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Re: CVS psmith make: Whoops; configure wasn't looking for memmove.

From: Paul D. Smith
Subject: Re: CVS psmith make: Whoops; configure wasn't looking for memmove.
Date: Tue, 10 Sep 2002 17:14:53 -0400

%% Soren A <address@hidden> writes:

  sa> Yes, this will definitely fix MinGW.

Good, I'm happy then :).

  sa> I guess that is the part that confused me, indirectly, so to
  sa> speak. Is there some reason to prefer to use memmove() over
  sa> bcopy() if both are available?

Realistically it probably makes no difference.  I suppose there's a
hypothetical possibility that memmove() will be performance-tuned on
some system, while bcopy() is just a simple loop.  But (a) that probably
wouldn't matter much to make, and (b) it's pretty unlikely anyway.

Stylistically I always prefer to use C standard functions as much as

  sa> And, if so, why is not memmove() used in the code as a whole (and
  sa> conversely only gets redefined to bcopy() in <make.h> if the
  sa> system headers don't already do that)?  I am guessing that it's a
  sa> historical artifact from days when bcopy() was the
  sa> commonly-available function on the platforms that GNU make found
  sa> most 'native' and that ISO-ization came later and made memmove()
  sa> more prevalent?

Yes.  One of the jobs on the list is to clean this up and change the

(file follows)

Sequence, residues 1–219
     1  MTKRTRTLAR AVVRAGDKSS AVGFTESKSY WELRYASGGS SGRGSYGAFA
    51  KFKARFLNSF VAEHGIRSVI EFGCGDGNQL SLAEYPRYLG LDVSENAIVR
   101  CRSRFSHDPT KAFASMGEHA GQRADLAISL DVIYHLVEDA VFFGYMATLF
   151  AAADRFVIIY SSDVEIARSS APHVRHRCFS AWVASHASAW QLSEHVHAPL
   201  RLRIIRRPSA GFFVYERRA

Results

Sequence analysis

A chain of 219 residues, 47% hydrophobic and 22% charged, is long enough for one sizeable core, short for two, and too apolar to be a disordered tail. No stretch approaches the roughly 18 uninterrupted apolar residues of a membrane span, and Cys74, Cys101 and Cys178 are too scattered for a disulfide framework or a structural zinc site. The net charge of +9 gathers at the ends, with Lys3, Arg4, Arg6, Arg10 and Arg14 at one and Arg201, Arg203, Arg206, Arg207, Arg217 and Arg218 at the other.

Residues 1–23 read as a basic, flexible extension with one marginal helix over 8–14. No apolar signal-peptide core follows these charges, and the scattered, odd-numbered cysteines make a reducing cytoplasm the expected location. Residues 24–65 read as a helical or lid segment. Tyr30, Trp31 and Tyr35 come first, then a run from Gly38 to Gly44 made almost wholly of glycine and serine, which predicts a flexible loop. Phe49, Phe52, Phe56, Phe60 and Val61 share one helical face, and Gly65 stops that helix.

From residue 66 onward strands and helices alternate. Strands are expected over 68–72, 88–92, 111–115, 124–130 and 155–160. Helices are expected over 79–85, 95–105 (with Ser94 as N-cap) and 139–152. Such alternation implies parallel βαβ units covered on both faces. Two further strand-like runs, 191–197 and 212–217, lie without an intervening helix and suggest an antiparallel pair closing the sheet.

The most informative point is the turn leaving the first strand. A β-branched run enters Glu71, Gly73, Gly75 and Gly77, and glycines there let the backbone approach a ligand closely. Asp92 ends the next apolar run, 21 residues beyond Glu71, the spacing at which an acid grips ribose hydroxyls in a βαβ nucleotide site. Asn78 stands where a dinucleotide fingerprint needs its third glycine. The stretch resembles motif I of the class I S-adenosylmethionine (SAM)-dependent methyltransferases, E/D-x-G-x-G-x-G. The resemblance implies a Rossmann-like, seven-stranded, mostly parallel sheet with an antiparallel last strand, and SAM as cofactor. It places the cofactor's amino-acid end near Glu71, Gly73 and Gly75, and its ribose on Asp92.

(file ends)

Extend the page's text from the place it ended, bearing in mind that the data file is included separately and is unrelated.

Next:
code to use standard ISO C functions, and define macros for them where
they don't exist.  Also I want to switch to using ansi2knr, etc.

But this is a lot of work and I haven't gotten around to it.

  sa> However the one case still left unhandled is where HAVE_MEMMOVE
  sa> won't be defined and bcopy isn't a library function OR a
  sa> macro. Are we to assume then that such a hypothetical platform is
  sa> completely broken / insane and not care ;-)? [I am pretty sure the
  sa> "right" answer is "yes".]

Yes :).  How can we copy data?  I guess we could create our own, but if
you don't have those you almost certainly won't have lots of other
functions GNU make needs.

  sa> Right, and my other major change to the package (that is in the
  sa> present diff patch on my site) is that I use _GNU_ Makefile magic
  sa> (instead of autoconf) to address that. But I always realized that
  sa> this was a quick-and-dirty way to get things built because we
  sa> wouldn't want the source package for 'make' to assume that the
  sa> user already has GNU make installed

Well the GNU standards require that packages not require any special

The whole entire point of using automake is to allow packages to ship
with makefiles that are 100% portable without having to go through all
the effort to write them--which is considerable if you don't use the
flexibility of a powerful make program like GNU make.

  sa> -- users might sometimes have some other (lesser ;-) 'make'
  sa> installed that they need to build GNU 'make' with.

Or not have any make at all.

The correct answer to this situation is to use the build.sh shell script
to bootstrap make.  If you have a shell in MINGW you can use it
directly.  There's also a Windows .bat file IIRC.

 Paul D. Smith <address@hidden>          Find some GNU make tips at:
 http://www.gnu.org                      http://make.paulandlesley.org
 "Please remain calm...I may be mad, but I am a professional." --Mad Scientist

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